~written by Fuyumi Ono
~translated by Alexander O. Smith and Elye J. Alexander
I don't remember exactly where I first heard about Fuyumi Ono's fantasy light novel series The Twelve Kingdoms, illustrated by Akihiro Yamada, but over time I've gained the impression that the books are quite good. And so when I came across the first volume Sea of Shadow, which is long out of print and somewhat hard to find, at a used book store I nabbed it. The English translation was executed by Alexander O. Smith and Elye J. Alexander. Tokyopop first published Sea of Shadow in hardcover in 2007 before releasing a paperback edition in 2008. The first volume of the English edition of The Twelve Kingdoms actually collects the first two volumes of the series as released in Japan, published in June and July of 1992. The full title of the two part novel translates into English as Shadow of the Moon, Sea of Shadow. The Twelve Kingdoms ran for eleven volumes in Japan. The first seven books were released by Tokyopop collected as four volumes in the English edition.
Yoko Nakajima is a fairly normal high school student who wants to be liked and accepted by her peers. She tries to appease everyone and acts as the perfect good girl, good student, and good daughter. But when a strange man comes looking for her at school and she is whisked away to another world she can lo longer be any of those things. Soon separated from the man who swore his protection and allegiance to her, Yoko finds herself alone with no idea where she is or what is going on. Pursued nightly by demons, she is painfully aware that her very life is in danger if she doesn't figure out something soon. All she wants to do is go home, but with no one to help her she must learn to depend on herself.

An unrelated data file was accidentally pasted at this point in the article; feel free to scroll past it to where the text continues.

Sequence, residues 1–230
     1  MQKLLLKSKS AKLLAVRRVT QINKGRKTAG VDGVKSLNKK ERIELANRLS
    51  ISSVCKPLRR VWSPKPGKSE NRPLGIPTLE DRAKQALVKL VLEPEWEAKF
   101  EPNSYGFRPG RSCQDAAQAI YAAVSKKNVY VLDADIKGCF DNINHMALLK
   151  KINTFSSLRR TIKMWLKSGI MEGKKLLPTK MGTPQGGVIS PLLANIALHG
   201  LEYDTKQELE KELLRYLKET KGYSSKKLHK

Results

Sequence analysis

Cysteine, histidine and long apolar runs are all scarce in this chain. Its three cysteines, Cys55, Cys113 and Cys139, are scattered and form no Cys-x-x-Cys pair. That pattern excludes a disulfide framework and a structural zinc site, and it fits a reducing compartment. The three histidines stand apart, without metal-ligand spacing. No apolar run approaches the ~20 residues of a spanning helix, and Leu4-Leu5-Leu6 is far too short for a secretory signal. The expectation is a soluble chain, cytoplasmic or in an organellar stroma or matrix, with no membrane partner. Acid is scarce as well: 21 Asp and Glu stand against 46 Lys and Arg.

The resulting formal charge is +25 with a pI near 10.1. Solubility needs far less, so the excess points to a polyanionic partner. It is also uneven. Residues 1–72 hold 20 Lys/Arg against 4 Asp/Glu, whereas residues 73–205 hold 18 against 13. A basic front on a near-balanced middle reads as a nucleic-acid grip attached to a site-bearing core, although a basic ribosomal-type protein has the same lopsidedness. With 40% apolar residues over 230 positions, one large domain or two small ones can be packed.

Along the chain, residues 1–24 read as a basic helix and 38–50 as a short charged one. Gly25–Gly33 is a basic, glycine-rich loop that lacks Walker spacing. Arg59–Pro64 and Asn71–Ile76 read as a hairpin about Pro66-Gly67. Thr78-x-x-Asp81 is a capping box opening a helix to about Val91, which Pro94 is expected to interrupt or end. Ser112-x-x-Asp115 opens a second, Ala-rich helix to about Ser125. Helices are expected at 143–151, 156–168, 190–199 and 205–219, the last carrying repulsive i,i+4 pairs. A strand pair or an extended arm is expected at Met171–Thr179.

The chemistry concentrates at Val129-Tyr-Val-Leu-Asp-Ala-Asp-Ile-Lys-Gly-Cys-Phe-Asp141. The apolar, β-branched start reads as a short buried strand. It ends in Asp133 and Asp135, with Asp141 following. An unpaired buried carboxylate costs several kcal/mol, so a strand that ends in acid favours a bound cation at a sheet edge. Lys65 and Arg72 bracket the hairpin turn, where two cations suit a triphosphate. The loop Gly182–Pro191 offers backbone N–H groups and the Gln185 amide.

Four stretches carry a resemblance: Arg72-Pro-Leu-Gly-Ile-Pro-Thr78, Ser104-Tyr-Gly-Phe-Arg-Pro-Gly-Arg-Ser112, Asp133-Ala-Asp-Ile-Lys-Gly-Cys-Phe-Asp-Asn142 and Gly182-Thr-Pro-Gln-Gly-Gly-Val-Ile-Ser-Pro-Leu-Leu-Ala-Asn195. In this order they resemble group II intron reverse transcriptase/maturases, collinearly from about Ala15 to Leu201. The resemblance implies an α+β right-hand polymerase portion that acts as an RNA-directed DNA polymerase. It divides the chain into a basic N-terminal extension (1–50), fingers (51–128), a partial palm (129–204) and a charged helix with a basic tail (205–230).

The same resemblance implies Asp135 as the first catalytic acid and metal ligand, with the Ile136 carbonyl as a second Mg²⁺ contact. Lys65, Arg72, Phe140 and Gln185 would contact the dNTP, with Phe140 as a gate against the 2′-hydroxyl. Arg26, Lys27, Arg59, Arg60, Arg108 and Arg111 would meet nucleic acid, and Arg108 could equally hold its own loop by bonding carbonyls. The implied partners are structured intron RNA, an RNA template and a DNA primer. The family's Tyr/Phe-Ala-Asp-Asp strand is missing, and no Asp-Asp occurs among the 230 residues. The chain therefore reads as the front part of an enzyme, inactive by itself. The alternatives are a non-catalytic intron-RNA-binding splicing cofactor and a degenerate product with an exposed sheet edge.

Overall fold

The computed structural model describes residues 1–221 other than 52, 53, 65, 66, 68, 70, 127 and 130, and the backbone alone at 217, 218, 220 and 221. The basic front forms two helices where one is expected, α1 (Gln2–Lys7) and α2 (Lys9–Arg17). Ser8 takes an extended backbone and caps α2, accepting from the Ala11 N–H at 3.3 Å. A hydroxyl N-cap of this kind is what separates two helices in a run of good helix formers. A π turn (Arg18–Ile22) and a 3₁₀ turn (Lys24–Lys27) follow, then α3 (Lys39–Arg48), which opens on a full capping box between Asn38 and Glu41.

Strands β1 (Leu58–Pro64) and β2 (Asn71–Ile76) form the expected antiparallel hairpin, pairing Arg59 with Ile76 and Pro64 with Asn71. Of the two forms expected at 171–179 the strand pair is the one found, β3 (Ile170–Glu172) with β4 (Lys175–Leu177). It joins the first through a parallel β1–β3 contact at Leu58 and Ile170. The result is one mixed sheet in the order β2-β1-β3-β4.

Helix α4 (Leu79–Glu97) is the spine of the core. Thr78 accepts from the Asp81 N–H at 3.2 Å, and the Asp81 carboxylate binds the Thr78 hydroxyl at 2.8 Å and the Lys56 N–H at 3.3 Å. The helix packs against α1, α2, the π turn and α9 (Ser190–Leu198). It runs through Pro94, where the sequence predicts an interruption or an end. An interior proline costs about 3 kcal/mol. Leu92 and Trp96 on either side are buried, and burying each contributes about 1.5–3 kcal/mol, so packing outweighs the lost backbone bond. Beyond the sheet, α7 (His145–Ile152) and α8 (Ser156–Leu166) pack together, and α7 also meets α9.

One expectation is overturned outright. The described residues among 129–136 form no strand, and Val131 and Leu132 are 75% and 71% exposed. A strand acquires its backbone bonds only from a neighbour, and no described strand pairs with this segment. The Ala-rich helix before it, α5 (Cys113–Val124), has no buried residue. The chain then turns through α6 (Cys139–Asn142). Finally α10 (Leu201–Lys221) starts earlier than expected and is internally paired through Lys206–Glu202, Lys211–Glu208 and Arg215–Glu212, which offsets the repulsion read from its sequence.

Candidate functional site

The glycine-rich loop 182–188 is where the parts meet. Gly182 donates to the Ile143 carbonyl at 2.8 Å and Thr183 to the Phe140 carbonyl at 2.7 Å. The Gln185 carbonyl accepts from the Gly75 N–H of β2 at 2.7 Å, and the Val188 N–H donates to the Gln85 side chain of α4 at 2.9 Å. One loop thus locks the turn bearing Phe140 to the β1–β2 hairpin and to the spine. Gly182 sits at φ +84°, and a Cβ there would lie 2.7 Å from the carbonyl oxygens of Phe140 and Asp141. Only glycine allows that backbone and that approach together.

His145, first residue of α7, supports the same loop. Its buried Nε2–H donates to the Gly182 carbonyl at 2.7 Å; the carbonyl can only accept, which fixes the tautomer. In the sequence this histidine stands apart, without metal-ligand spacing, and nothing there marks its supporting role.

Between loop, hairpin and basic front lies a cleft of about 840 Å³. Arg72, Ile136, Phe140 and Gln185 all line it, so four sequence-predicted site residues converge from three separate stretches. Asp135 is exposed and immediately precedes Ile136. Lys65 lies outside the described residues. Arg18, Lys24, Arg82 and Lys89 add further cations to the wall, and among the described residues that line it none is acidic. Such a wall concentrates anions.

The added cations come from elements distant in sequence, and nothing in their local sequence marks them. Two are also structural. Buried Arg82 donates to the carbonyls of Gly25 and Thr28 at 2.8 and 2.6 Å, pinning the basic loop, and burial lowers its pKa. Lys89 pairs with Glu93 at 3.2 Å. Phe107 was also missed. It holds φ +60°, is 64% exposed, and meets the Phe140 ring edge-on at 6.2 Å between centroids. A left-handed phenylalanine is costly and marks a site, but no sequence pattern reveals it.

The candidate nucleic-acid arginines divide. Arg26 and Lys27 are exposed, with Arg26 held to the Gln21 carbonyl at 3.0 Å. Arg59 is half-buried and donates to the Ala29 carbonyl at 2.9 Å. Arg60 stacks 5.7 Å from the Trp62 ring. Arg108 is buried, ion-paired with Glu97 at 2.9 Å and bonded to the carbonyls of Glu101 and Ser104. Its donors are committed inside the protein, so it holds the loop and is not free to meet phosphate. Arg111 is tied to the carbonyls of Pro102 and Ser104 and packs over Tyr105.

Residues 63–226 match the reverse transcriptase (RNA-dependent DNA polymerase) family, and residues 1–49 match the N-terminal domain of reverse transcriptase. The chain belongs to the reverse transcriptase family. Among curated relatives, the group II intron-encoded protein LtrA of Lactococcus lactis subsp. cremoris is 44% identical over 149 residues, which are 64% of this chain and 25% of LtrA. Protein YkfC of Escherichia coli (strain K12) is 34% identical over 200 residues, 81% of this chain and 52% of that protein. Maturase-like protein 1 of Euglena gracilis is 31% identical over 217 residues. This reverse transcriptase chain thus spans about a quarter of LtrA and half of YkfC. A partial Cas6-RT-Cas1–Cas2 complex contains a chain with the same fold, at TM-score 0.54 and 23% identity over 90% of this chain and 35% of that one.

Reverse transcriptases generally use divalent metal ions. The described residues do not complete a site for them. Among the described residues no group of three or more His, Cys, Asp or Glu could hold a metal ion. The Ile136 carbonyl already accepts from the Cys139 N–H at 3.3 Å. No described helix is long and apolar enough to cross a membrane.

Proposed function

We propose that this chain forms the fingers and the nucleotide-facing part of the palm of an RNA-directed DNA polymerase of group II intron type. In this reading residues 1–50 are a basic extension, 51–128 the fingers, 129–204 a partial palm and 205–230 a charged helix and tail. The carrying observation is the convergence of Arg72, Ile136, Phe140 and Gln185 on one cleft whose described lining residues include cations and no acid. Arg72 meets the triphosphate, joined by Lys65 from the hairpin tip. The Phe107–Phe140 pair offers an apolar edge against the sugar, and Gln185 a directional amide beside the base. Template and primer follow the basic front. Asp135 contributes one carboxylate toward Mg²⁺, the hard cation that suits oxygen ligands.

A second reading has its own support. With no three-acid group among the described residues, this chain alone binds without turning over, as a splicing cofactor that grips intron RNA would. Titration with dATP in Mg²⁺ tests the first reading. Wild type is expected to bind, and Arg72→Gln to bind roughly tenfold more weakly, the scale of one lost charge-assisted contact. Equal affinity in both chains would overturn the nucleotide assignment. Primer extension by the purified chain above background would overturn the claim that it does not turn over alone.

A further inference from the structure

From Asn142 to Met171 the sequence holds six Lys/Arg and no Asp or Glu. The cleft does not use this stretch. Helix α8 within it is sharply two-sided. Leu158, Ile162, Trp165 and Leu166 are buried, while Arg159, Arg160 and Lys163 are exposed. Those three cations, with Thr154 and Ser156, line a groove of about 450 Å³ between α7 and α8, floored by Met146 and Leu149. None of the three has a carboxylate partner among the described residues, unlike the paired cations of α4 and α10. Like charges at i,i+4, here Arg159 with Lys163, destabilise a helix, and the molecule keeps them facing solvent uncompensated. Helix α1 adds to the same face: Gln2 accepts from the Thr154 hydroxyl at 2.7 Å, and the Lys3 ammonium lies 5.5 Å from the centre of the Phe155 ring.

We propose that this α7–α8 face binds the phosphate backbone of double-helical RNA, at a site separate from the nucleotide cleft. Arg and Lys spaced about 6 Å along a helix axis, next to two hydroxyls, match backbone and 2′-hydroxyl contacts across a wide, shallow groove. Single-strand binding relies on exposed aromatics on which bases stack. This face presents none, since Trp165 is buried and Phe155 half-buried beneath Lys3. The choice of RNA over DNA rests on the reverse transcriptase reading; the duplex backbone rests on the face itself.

While I enjoyed the first part of Sea of Shadow, it wasn't until I was about halfway through the book that I knew for certain that I wanted to read the rest of The Twelve Kingdoms. It is at that point that Yoko has sunk to her lowest as a person. She is aware of the changes in herself, but she can no longer bring herself to care after being repeatedly betrayed. Yoko's character development in Sea of Shadow is by far the most complete. She significantly matures over the course of the book and for very good reasons. It is chilling and almost scary to see how she adapts to her circumstances even if it is understandable considering how she must struggle to survive on her own. Her experiences are harsh and emotionally, spiritually, mentally, and physically draining. It is no surprise that Yoko is a very different person at the end of Sea of Shadow than she is at the beginning. Ono captures her development magnificently.
Ono's world building in Sea of Shadow, heavily influenced by Chinese mythology, is solid. Occasionally the narrative falls prey to infodumping, mostly because the reader is limited to what Yoko knows about her environment. If she hasn't learned something yet, the reader is also left in the dark. But as the novel progresses and Yoko finds people she believes she can trust, more and more about the world in which she is now living is revealed and explained. And it is absolutely fascinating. The political structure is particularly interesting and the system of checks and balances establishes very real and often dire consequences for rulers and for their kingdoms. Even with divine aid, people will continue to be people with all of their faults and thirst for power intact; nothing is perfect. I definitely want to learn more about the world Ono has created in The Twelve Kingdoms and look forward to continuing the series with Sea of Wind.